- When an antigenic epitope stimulates a specific B cell via the B cell’s unique BCR:
- the B cell responds by undergoing cell division, giving rise to offspring that
secrete immunoglobulin’s into the blood/lymph.
- The immunoglobulins act against the epitope shape that stimulated the B cell.
These activated immunoglobulin-secreting B lymphocytes are called plasma
cells, which have RER/golgi.
Memory B cells: B lymphocytes that migrate to lymphoid tissues to await a subsequent encounter with
antigen previously encountered.
-In contrast to plasma cells, these cells retain their BCR’s and persist in lymph for years, ready to initiate
an antibody production if the same epitope is encountered again.
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Lymphatics
Important in establishing the immune response
Central organs: bone marrow and thymus
Peripheral organs: spleen, lymph nodes and lymphoid tissue
Immune Processes
Innate Immunity: non specific, involves inflammatory processes
Adaptive immunity: targeted to a specific antigen, involves T and B lymphocytes
Adaptive Immunity (cell mediated + humoral)
1. Cell Mediated Immunity
Cytotoxic T lymphocytes: CD8
Helper T lymphocytes: CD4 (TH1, TH2)
2. Humoral Immunity
B lymphocytes
Antibody secretion from plasma cells IgA, IgD, IgE, IgG, IgM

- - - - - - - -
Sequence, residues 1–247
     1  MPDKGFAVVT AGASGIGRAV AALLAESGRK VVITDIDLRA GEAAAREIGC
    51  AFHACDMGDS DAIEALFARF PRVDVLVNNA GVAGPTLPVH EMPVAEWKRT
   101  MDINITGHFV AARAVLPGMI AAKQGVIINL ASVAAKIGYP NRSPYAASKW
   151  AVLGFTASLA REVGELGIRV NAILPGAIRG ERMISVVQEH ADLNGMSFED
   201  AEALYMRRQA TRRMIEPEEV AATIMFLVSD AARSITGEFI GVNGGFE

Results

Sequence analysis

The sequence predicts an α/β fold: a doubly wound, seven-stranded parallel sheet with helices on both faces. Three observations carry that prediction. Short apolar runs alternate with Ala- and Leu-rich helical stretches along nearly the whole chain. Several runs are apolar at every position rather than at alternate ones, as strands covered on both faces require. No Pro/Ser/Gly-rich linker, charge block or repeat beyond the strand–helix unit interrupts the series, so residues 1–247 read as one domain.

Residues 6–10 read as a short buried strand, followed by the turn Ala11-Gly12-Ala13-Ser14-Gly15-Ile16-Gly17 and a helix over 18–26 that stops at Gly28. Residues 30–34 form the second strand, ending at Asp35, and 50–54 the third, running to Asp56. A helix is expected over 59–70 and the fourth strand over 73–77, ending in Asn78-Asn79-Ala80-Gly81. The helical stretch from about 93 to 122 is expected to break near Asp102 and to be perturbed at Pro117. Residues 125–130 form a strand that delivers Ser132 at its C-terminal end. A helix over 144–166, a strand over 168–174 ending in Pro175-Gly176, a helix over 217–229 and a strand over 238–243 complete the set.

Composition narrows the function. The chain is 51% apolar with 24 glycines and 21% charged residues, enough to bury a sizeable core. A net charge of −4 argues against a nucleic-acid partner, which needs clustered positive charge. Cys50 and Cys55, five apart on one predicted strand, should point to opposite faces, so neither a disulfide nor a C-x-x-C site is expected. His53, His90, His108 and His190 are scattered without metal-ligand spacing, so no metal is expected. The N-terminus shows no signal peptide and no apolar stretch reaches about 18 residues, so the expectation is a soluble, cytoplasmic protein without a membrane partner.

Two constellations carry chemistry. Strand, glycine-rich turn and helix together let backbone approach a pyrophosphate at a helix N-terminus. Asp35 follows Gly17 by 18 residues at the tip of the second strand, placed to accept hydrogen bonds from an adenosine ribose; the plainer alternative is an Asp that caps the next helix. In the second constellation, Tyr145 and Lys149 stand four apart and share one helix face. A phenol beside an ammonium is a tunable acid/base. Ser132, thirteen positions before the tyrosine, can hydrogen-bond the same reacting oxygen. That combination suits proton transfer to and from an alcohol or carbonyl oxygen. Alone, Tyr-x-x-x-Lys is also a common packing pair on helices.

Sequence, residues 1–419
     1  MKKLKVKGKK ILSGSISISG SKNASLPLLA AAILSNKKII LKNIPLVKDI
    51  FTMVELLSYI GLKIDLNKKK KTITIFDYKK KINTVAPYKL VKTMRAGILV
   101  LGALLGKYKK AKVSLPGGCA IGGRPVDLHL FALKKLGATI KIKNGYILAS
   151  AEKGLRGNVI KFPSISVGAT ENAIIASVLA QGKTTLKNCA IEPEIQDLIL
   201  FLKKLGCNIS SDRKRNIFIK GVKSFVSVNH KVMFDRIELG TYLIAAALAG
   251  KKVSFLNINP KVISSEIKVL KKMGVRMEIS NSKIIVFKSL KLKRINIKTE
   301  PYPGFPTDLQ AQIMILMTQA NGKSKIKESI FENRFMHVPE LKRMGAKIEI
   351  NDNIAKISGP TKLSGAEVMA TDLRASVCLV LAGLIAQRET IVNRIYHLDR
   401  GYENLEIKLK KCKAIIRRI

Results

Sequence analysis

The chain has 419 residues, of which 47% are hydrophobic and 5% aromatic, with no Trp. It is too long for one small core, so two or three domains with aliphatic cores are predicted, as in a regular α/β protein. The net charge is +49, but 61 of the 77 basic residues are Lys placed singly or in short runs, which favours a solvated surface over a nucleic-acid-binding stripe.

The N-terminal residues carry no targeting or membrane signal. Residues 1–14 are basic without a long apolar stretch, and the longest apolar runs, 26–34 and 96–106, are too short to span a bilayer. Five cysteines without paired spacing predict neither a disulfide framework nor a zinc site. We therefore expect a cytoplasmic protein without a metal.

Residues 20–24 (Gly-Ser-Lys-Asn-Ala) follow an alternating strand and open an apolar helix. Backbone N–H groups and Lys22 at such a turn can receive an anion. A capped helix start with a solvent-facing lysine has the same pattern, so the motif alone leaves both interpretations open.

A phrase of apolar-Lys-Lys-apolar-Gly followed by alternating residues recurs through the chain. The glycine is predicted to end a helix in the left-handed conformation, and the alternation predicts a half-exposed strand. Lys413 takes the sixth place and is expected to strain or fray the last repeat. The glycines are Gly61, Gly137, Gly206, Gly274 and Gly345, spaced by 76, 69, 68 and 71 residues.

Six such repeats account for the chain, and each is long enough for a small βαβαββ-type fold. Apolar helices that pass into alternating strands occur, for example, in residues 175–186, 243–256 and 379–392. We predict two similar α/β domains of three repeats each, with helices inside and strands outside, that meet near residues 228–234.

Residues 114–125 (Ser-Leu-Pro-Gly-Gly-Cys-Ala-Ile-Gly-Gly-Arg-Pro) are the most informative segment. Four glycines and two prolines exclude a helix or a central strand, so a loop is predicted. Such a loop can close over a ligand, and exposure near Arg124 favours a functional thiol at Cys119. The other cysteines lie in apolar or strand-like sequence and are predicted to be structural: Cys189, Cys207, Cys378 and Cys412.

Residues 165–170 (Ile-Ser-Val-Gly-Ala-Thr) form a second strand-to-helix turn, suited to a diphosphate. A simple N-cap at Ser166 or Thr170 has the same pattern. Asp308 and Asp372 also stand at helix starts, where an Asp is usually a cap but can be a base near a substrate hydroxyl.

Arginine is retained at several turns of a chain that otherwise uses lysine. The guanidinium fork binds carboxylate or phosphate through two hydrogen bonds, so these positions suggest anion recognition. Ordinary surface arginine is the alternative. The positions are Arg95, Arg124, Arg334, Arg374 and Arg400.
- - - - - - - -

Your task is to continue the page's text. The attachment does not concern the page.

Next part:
Memory cells
Major histocompatibility complex (MHC)
-MHC class 1 molecules recognize CD8 cytotoxic T lymphocytes
-MHC class 2 molecules recognize CD4 TH1 or TH2 helper T lymphocytes
Produced by human leukocyte antigen (HLA) genes
Active Immunity
Passive Immunity
Immune Processes
Primary response-Activation of the adaptive immune response with first recognition of a
specific antigen
Secondary response -Reactivation of the adaptive immune response with later recognition of the
same antigen
Vaccines:
-attenuated to reduce the ability to cause disease/ or killed organisms
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Document Summary

Specific immune response: cell mediated & humoral. ** all cells have a common origin in pluripotent hematopoitic stem cells (originate in bone marrow: lymphoid progenitor cells. B lymphocytes: differentiate into plasma cells and antibody production. Natural killer cells: kill cells they come into contact with. Produce granulocytes and monocytes which phagocytise cells (ben- basophils (allergic rx), eosinophils (parasites) and neutrophils (first responder)), Monocytes differentiate into macrophages, which will display antigen markers to be recognized by b/t cells. Dendritic cells are critical for processing/display of antigens to t cells. (langerhans) Adaptive: is the body"s ability to recognize and then mount a defense against distinct invaders and their products. Humoral immunity: activated b cells, which secrete antibodies against pathogens. Can also have t-independent humoral immunity, which do not rely on th cells, which are rare. T dependent is most common and uses th cells (cd4"s) to activate b cells.